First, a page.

Ethics Counsel

Ethics Opinion No. 93

Adopted October 25, 1935

The Board of Governors is in receipt of the following statement of facts:

“Some several months ago “A” and “B” were charged with the crime of ‘murder’ and ‘Robbery with firearms.’ “Z” was employed by the defendant, “B” to represent him from the beginning. The defendant “A”, was represented by “X”, an attorney, in his preliminary, who consulted with “Z” with reference to the procedure in “A’s” case and told “Z” that if “A” were bound over and had to go to trial in the District Court that “Z” would be employed to conduct his defense in said court. “A”, however, was discharged on a Writ of Habeas Corpus of the District Court of the county. Last week the defendant, “B”, after consultation with his attorney “Z”, the County Attorney and the Sheriff of the county agreed to enter a plea of guilty and to make a full confession in reference to this crime. He later made that confession to the County Attorney and Sheriff of the county, but not in “Z’s” presence, “Z” not being advised as to the contents or extent of “B’s” statement. “B” also agreed to become a witness for the State against those whom he implicated in his confession, one of them being “A”, who, is now under arrest charged wtih the commission of the offense.” “Z” requests to be advised as to whether or not his now acceptance of employment in the defense of “A”, under the circumstances detailed, would be in violation of the rules of professional conduct of the State Bar; and whether or not he would be disqualified from accepting such employment.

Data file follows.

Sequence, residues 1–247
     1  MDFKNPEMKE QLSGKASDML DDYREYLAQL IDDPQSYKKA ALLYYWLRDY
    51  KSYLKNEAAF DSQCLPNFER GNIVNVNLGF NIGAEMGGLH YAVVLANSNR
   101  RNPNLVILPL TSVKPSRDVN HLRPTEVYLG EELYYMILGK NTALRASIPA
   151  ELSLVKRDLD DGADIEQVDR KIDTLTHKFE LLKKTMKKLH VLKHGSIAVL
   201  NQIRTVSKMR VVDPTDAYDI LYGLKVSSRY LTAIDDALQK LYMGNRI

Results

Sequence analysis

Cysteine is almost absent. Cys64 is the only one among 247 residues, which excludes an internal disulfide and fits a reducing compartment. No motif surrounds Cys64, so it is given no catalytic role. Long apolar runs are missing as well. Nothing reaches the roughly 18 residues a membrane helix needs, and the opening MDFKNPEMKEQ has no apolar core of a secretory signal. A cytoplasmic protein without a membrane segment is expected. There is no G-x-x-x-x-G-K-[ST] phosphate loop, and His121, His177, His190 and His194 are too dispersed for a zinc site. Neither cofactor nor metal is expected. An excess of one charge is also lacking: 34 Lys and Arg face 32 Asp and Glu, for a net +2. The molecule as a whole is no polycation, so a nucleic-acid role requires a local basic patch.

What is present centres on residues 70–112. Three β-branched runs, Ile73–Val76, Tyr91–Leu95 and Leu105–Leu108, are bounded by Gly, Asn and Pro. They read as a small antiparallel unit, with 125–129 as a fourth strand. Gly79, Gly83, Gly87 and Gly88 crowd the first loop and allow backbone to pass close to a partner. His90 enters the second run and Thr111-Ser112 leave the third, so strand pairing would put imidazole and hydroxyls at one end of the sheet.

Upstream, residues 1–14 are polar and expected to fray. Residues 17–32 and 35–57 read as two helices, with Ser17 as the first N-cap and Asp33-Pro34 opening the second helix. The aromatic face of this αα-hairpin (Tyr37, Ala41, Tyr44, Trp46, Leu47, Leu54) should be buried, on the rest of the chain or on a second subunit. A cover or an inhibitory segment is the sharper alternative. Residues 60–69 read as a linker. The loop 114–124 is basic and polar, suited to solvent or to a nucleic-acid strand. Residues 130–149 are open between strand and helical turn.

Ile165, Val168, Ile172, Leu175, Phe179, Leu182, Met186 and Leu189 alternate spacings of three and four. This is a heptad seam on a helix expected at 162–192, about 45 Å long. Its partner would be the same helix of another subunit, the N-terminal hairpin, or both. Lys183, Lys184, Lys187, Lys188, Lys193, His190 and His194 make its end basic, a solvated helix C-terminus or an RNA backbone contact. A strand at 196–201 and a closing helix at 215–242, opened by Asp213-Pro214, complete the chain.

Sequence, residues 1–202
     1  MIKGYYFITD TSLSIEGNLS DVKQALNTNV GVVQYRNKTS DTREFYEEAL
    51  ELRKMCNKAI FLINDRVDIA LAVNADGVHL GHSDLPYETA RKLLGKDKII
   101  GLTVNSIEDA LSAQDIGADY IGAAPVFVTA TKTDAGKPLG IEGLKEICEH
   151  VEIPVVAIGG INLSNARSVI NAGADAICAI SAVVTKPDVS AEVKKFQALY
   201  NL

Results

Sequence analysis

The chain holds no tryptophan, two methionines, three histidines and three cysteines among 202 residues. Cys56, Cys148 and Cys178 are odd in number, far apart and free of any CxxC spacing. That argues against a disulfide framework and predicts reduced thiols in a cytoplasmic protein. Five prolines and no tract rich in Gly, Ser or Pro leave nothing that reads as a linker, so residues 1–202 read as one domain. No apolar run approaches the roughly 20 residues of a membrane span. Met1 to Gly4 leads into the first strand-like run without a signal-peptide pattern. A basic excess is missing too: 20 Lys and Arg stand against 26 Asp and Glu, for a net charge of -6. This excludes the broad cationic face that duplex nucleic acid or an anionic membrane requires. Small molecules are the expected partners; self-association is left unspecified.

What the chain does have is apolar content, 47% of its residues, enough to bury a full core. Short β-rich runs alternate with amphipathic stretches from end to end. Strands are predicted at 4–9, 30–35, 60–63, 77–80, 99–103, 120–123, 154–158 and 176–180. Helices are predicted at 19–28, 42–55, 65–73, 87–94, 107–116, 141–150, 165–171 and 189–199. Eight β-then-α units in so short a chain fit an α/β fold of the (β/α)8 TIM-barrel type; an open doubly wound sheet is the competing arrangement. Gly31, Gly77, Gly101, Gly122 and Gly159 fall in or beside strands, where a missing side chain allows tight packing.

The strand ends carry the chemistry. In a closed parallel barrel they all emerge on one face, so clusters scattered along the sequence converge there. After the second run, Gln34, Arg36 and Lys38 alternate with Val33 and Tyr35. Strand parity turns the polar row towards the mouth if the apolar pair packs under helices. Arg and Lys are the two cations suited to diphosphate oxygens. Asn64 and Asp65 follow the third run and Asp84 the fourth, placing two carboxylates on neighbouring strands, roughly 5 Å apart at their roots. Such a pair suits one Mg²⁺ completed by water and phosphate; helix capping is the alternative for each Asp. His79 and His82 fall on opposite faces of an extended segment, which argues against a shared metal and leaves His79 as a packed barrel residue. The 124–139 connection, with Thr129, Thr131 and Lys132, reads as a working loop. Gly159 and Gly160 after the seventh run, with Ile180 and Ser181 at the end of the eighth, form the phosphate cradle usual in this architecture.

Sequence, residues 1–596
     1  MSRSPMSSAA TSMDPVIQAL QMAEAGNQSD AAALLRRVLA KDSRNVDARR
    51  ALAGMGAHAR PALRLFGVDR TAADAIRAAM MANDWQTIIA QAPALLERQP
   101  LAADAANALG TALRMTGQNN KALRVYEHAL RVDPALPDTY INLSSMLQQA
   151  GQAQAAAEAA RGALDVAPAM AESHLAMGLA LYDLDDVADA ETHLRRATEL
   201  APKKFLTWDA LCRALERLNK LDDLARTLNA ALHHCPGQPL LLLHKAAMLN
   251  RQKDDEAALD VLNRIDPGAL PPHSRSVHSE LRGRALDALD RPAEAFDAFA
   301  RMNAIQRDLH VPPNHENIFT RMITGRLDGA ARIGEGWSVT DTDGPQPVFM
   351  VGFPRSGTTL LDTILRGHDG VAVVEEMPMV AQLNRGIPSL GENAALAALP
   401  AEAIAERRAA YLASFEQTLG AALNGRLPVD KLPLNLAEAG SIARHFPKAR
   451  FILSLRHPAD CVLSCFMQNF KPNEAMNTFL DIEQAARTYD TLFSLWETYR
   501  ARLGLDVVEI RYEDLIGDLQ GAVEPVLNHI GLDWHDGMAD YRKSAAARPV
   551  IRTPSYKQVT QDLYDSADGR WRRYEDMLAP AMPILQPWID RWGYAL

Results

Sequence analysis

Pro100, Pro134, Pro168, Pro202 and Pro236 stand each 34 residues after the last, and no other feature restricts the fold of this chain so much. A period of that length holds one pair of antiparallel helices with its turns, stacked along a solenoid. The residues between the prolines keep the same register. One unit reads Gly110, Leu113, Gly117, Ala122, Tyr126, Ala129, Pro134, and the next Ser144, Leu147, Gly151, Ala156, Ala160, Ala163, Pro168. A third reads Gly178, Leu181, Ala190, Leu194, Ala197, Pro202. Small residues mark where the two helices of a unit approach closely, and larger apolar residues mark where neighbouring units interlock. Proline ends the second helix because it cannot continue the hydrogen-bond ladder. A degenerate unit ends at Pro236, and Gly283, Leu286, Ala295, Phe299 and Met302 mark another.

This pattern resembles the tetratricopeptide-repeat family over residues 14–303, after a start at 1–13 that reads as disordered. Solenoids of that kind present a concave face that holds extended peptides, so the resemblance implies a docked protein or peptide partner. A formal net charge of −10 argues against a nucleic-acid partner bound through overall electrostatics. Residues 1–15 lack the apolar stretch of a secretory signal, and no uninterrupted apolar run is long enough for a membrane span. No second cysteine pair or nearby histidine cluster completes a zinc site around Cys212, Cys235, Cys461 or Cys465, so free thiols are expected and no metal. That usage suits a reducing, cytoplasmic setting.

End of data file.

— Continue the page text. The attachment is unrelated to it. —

In response:

In the opinion of the Board of Governors “Z” may not accept employment in the defense of “A”, under the circumstances detailed.

Rule 39 of the rules of professional conduct provides that it is the duty of a member of the bar to preserve his client’s confidence, and that this duty outlasts the lawyer’s employment. The rule also interdicts the disclosure or use of these confidences, either to the private advantage of the member of the bar or to his subsequent client, even though there are other sources of information.

Rule 8 of the rules of professional conduct provides:

“The obligation to represent the client with undivided fidelity and not divulge his secrets or confidences forbids also the subsequent acceptance of retainers or employment from others in matters adversely affecting any interest of the client with respect to which confidence has been reposed.”

Assuming that “B” has previously consulted with “Z” as to the facts in the case and has divulged to him information in connection therewith, it is extremely improbable that “Z” could now represent “A” without consciously or subconsciously using the information obtained through his prior representation of “B.”

Furthermore it seems apparent that “Z”, in his representation of “A”, may be required to assume a position antagonistic to his former client, “B”, growing out of a situation in respect to which he had previously received information from the former client.

The acceptance of employment by “Z” from “A”, under the circumstances detailed, could not, in its most favorable aspects, avoid the appearance of impropriety.

The Board has had repeated occasion to say that it is the duty of a member of the bar, not only to avoid all impropriety but also to avoid the appearance of impropriety; and (Rule 31), to strive at all times to uphold the honor and maintain the dignity of the profession; and that, generally speaking, a member of the bar should refrain from creating a condition, regardless of express prohibition, which might tend to bring reproach on the profession, and, that personal sacrifice of financial reward in such a case adds to professional honor and dignity and elevates the profession in public esteem, marking clear the distinction between a trade or business, and the profession.